Emilie Novaczek is Going to Change The World
By Alexandra Esty -October 28th, 2011
When Emilie Novacezk was in the first grade, “and maybe 45 pounds”, her family moved from Prince Edward Island to Indonesia while her Mom worked on a marine biology research project.
They lived near a river where the neighbourhood kids often met to splash around. One afternoon, a group of children huddled at the edge of the water—they had caught an unlucky little turtle, and there was a great debate taking place. Was this little critter a plaything or food? Neither, in Emilie’s six-year-old opinion. She marched down to the river, elbows out (as her parents tell it), and demanded that the older kids hand it over. “Mom has a picture of me, furious, marching back towards our house with this little bucket…elbows still out,” she laughed, “I took the poor guy back down to the river later that night and let him go.”
Two things are immediately clear when listening to Emilie speak about her work. First, that she is one busy lady. Second, that she loves what she does.
It is not Emilie’s physical presence, but her enthusiasm that fills any room she enters. Though she’s only 5”, being small has clearly never held this girl back from anything. And her fascination with nature hasn’t faded with time.
A fourth-year student about to complete her combined honours in Sustainability and Biology, Novaczek’s textbooks have seen some interesting landscapes. Last winter she had the privilege of representing Canada at COP 16, the United Nations Climate Conference in Cancun, Mexico. Emilie spent three weeks there as a Canadian youth delegate, alternating between workshops with other international youth and posing questions at briefings. Days inside the conference centre were also spent presenting intervention speeches— critiques prepared by the youth on the progress of the meetings and negotiations.
“Being there as a Canadian representative was just really, really frustrating,” she explained. “It was a huge realization of Canada’s international status. We’re not leaders. We’re hardly taken seriously, especially when we’re talking about climate change.”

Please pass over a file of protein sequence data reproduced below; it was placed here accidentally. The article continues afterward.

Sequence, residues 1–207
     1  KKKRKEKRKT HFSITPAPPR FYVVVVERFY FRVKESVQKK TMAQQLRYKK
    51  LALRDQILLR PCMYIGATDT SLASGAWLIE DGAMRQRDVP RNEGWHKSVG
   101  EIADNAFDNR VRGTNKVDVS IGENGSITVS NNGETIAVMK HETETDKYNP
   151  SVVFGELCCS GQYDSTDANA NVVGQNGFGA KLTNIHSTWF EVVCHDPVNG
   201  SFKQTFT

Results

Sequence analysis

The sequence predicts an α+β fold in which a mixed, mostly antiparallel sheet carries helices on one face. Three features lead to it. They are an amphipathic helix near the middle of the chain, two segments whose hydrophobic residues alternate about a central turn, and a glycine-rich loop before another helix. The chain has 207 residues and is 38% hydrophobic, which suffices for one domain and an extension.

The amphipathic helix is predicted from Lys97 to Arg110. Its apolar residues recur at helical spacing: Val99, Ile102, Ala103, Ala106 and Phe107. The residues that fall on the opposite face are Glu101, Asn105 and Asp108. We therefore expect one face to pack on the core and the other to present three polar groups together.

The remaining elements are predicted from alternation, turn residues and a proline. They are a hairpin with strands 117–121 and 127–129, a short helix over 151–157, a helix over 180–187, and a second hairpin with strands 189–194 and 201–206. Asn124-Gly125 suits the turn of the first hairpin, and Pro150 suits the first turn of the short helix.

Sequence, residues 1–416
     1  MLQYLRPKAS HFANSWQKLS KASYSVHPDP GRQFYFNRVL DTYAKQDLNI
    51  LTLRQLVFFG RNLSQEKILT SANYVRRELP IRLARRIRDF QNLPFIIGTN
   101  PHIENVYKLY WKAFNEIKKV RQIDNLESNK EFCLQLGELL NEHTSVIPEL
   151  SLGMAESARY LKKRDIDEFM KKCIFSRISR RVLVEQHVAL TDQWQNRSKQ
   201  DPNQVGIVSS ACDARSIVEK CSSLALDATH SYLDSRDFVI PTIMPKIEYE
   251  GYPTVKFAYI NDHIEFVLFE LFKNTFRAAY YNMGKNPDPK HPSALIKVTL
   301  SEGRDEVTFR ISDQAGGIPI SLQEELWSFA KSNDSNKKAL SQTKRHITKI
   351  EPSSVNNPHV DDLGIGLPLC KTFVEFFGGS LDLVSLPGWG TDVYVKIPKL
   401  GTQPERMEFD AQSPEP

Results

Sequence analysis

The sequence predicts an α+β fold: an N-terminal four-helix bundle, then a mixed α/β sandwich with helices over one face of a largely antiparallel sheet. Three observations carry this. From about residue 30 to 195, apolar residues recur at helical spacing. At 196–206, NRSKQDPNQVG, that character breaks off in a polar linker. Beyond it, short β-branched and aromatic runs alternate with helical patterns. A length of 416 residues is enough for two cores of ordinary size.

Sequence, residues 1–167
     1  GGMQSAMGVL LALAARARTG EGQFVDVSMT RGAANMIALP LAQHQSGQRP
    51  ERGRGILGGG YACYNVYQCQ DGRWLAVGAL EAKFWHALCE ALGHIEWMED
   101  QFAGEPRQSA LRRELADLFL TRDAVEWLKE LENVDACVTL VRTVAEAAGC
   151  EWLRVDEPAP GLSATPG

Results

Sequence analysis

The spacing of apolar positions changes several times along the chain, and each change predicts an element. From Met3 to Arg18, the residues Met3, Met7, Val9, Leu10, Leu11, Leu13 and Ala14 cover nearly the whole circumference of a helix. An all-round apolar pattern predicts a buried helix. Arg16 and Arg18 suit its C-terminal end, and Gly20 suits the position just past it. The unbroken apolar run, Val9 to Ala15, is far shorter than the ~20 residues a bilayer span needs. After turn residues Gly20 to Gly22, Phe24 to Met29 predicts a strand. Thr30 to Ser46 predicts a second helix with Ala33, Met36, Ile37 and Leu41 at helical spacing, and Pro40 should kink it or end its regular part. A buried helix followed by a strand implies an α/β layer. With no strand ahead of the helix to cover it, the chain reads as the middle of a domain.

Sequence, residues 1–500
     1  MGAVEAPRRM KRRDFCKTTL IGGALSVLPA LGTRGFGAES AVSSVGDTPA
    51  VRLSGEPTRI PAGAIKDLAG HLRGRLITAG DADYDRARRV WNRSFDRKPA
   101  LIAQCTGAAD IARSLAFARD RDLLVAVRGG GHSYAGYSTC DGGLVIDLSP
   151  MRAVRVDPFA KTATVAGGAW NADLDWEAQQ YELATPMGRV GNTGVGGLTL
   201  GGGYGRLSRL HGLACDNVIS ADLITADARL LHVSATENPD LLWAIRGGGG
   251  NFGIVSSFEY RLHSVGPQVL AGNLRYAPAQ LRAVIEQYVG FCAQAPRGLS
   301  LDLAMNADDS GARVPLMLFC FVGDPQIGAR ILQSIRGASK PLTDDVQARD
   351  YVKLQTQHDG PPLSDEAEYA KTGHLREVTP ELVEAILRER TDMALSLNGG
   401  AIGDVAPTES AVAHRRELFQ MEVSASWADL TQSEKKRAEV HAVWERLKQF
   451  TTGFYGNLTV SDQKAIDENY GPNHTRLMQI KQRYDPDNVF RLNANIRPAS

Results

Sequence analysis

While Novaczek doesn’t hesitate to point out the weaknesses in our country’s approach to climate change, she continues to push for progress. She’ll be attending those meetings again this winter in Durban, South Africa. Six of the 28 Canadian youth delegates are from the Halifax, including King’s own James Hutt.
In her characteristically non-stop fashion, Novaczek returned from Cancun in December 2010 and then spent the following semester abroad, studying marine biology and climatology at the University of the West Indies in Barbados. Most of her work focused on the effects of global temperature increases on the El Niño/El Niña oscillation, and its links to the hurricane and monsoon season.
Back in Halifax this year, Novaczek works as a media rep and strategist for the Canadian Youth Climate Coalition, organizing conference calls, workshops and press releases. She’s also working as a curriculum coordinator for ITS For Girls, a science club that familiarizes young girls with industry, technology and science, and connects them with female mentors.
“Basically, I get to plan really sick field trips,” says Emilie. “This coming weekend I’m taking two groups of girls whale watching in Lunenburg. It’s going to be so much fun.”
On top of these two positions, classes and planning for COP 17 in Durban, Emilie is also this year’s science rep for the KSU.
This coming July, Emilie is set to spend a few months in the San Andres Archipelago, off the coast of Colombia. She’ll be doing work for her honours thesis at the Seaflower Biosphere Reserve, on the subject of marine-protected governance. Although she’s technically ready to graduate this Spring, she is committed to completing her honours thesis. “I want to graduate and feel like I did more than fill out a bunch of Scantron sheets,” she says, laughing. W